By Laine Doss
By Bill Wisser
By Dana De Greff
By Laine Doss
By Zachary Fagenson
By Laine Doss
By Zachary Fagenson
By Carla Torres
The front page of Wok Town's menu touts downtown's new dining addition as "an Asian take-out concept" — as if it's already being marketed for franchising opportunities. In fact, everything about the place seems to suggest a starting-small, thinking-big strategy.
The décor is sheer fast-food world 2.0, meaning it's modeled after warmer, Chipotle-like designs rather than McPlastic's. The color scheme is a neat and striking white, gray, black, and orange. An oversize menu is posted on the wall beside a counter where orders are placed, payments are made, and numbered cards in metal holders (like the ones used to designate tables at weddings) are handed out by an amiable worker — or perhaps by Israeli owner Shai Ben-Ami (who helped run Miss Yip and Domo Japones) or his Colombian wife, Nazly Villamizar. Diners then find seats and wait for the fare to be brought over. The wait isn't very long; this is, after all, fast food.
Three recycled-wood communal tables and benches take up most of the rectangular room. A counter composed of the same material juts from a wall running parallel to the tables, with a half-dozen black stools lined in front. On the wall above is a series of black-and-white photo posters that resemble outtakes from a Benetton shoot. The room shouts fresh and clean. So does the food.
We sampled all the nonsoup starters on the abbreviated menu. Edamame "you're way" — or for the more formal "you are way" — come with steamed green skins slicked with choice of sea salt, garlic soy sauce, or a zingy chili-ginger sauce. Vegetable spring rolls were served hot from the fryer; the two slim, crackly cylinders of cabbage, carrots, and wood ear mushrooms came paired with Day-Glo sweet-and-sour sauce. Four chicken gyoza dumplings, pan-fried or steamed, feature minced white breast meat in thin rice wrappers made in-house.
If these three appetizers satisfied in a standard manner, chilled lettuce wraps brought double the pleasure (and at $8.95, up to double and triple the price). Alongside a short stack of convex iceberg cups and some hoisin sauce came a small dice of chicken mixed with minced mushrooms, carrots, scallions, and water chestnuts. This dish exuded a potent kung fu kick of Asian flavor (not heat) that other Wok Town items could use a little more of.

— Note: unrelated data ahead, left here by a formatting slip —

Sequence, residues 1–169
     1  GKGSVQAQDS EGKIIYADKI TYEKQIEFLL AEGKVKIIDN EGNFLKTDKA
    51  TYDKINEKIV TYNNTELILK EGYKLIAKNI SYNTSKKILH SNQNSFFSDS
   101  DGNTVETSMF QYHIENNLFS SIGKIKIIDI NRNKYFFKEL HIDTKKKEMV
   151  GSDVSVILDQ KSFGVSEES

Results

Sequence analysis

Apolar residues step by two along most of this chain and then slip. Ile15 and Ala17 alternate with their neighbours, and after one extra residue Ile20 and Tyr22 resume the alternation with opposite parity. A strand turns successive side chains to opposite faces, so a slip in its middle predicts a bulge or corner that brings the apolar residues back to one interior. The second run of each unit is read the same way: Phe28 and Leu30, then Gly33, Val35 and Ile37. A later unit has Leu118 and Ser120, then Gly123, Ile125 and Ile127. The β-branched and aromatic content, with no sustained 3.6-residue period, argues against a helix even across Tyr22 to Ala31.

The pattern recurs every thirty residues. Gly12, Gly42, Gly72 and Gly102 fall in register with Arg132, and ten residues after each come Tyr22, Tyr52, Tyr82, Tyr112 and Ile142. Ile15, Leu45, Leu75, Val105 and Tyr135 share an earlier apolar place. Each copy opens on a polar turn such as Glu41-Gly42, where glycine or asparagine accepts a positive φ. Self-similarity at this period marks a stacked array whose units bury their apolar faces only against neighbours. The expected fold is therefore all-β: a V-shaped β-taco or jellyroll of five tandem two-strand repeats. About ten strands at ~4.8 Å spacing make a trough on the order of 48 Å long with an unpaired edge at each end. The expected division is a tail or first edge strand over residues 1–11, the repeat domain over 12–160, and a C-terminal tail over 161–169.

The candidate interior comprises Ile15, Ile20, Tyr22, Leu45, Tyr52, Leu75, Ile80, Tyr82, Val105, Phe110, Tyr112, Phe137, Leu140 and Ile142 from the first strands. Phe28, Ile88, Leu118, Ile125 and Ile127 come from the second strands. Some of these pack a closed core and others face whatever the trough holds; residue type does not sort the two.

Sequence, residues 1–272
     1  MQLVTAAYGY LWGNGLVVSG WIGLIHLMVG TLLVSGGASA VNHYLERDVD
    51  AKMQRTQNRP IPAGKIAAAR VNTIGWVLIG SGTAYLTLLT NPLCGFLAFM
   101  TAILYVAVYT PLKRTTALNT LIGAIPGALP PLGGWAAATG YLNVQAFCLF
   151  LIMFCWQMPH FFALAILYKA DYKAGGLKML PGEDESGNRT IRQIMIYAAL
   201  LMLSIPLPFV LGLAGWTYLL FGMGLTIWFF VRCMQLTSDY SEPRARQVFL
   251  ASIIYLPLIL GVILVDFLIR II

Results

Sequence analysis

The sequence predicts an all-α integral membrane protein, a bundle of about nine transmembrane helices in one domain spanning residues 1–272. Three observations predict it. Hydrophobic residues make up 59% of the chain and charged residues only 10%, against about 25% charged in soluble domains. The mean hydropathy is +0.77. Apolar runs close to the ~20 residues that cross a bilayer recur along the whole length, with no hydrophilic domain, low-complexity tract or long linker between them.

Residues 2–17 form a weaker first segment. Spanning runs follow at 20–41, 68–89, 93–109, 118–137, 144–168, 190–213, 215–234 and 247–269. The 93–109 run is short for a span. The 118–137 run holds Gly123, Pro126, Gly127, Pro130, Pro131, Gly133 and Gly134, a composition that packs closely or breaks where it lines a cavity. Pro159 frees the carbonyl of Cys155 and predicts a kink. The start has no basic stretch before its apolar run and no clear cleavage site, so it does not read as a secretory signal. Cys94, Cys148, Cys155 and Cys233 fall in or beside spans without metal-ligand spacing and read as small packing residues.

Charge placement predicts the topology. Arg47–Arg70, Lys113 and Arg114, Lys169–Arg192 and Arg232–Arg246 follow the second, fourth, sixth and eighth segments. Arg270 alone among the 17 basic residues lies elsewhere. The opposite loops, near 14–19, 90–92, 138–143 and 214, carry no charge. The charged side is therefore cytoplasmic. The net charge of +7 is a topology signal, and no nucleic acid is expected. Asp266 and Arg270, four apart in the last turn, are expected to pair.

A quartet of "positive wok" selections, made with minimal oil, encompasses two salads (Asian chicken and stir-fry miso beef) and two hot vegetable preparations (steamed and a tofu-veggie stir-fry). The remainder of the menu choices are divvied into "fried rice boxes," "noodle bowls," and "the main wok." Excepting two of the noodle bowls, assembling your meal begins the same way regardless of category: choice of chicken, beef, pork, shrimp, or tofu with vegetables.
We picked pork as our protein for the fried rice box, which did not come in a box. Cubes of the roasted, red-tinted meat were clearly the highlight among a toss of peas, carrots, scallions, and scrambled egg. Many diners might blanch from the blandness of the barely fried and seemingly unseasoned white rice, but like the rest of Wok's fare, it boasts a lightness and freshness not always inherent in Chinese food. Besides, folks with a knack for spicing things up can use jars of light soy sauce, hot chili sauce, and hotter Chinese mustard to fine effect. If you don't see the condiments, just ask; service was consistently swift, efficient, and personable.
Thin, vermicelli-like strands of "Singapore-style" rice noodles were packed with flavor — but only that of yellow curry powder. A complex spice mix it ain't, and it also doesn't conjure nearly enough piquancy to qualify for the chili pepper icon beside it on the menu. We had our Singapore slung with soft, fresh triangles of tofu and a vegetable mix of broccoli, carrots, scallions, water chestnuts, and baby corn. The thicker, broader egg noodles glazed with sweet soy that compose the "Wok Town lo mein bowl" proved a bigger hit around the table.
The "main wok" fires up your protein of choice prepared any of seven ways. Rectangular cuts of lean, tender beef matched well with a gingery sauté of broccoli, carrots, and scallions, as well as with the Mongolian mix of onions, bell peppers, and scallions in a modestly piquant chili sauce. Crispy shrimp or chicken are suggested for the sweet-and-sour sling of onions, peppers, and pineapple chunks; honey garlic is another sweet sauce, though a tad less sticky. We also liked the chili-flecked black bean sauce.
Everything on the menu excepting soups and the first three described appetizers is $7.95 to $12.95. Brown or white rice accompanies most main courses, and patrons are privy to free and limitless self-serve jasmine tea — a nice touch. At lunch, $9.95 brings choice of any entrée with either a cup of soup, Asian coleslaw, or a spring roll. A food-based "happy hour," each workday from 5 to 7 p.m., features group menu deals that include soup and four or five menu selections for approximately $10 per person.
Lychee fruit, mango sorbet, and green tea ice cream are dessert selections. The last was grainy, and indeed the fare at Wok Town is not without flaws — an undercooked broccoli spear here, an underseasoned soup there. But this eager-to-please newcomer also does a lot of things right and is clearly focused on providing fresh, fast Chinese food for downtowners to eat in, take out, or have delivered.